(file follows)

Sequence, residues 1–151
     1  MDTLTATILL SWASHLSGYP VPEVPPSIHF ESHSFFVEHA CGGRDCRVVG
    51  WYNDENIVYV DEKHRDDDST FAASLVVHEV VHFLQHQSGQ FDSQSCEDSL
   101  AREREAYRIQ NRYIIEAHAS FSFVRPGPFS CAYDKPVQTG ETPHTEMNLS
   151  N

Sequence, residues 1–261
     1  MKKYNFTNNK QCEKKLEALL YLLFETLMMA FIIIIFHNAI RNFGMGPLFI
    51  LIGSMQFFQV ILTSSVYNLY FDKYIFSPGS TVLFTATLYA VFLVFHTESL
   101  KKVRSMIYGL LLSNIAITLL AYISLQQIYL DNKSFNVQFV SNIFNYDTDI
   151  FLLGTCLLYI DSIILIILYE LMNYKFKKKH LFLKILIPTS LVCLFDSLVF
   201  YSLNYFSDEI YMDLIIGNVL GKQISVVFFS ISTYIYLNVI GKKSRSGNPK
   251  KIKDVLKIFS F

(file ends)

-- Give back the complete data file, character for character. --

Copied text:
Sequence, residues 1–151
     1  MDTLTATILL SWASHLSGYP VPEVPPSIHF ESHSFFVEHA CGGRDCRVVG
    51  WYNDENIVYV DEKHRDDDST FAASLVVHEV VHFLQHQSGQ FDSQSCEDSL
   101  AREREAYRIQ NRYIIEAHAS FSFVRPGPFS CAYDKPVQTG ETPHTEMNLS
   151  N

Sequence, residues 1–261
     1  MKKYNFTNNK QCEKKLEALL YLLFETLMMA FIIIIFHNAI RNFGMGPLFI
    51  LIGSMQFFQV ILTSSVYNLY FDKYIFSPGS TVLFTATLYA VFLVFHTESL
   101  KKVRSMIYGL LLSNIAITLL AYISLQQIYL DNKSFNVQFV SNIFNYDTDI
   151  FLLGTCLLYI DSIILIILYE LMNYKFKKKH LFLKILIPTS LVCLFDSLVF
   201  YSLNYFSDEI YMDLIIGNVL GKQISVVFFS ISTYIYLNVI GKKSRSGNPK
   251  KIKDVLKIFS F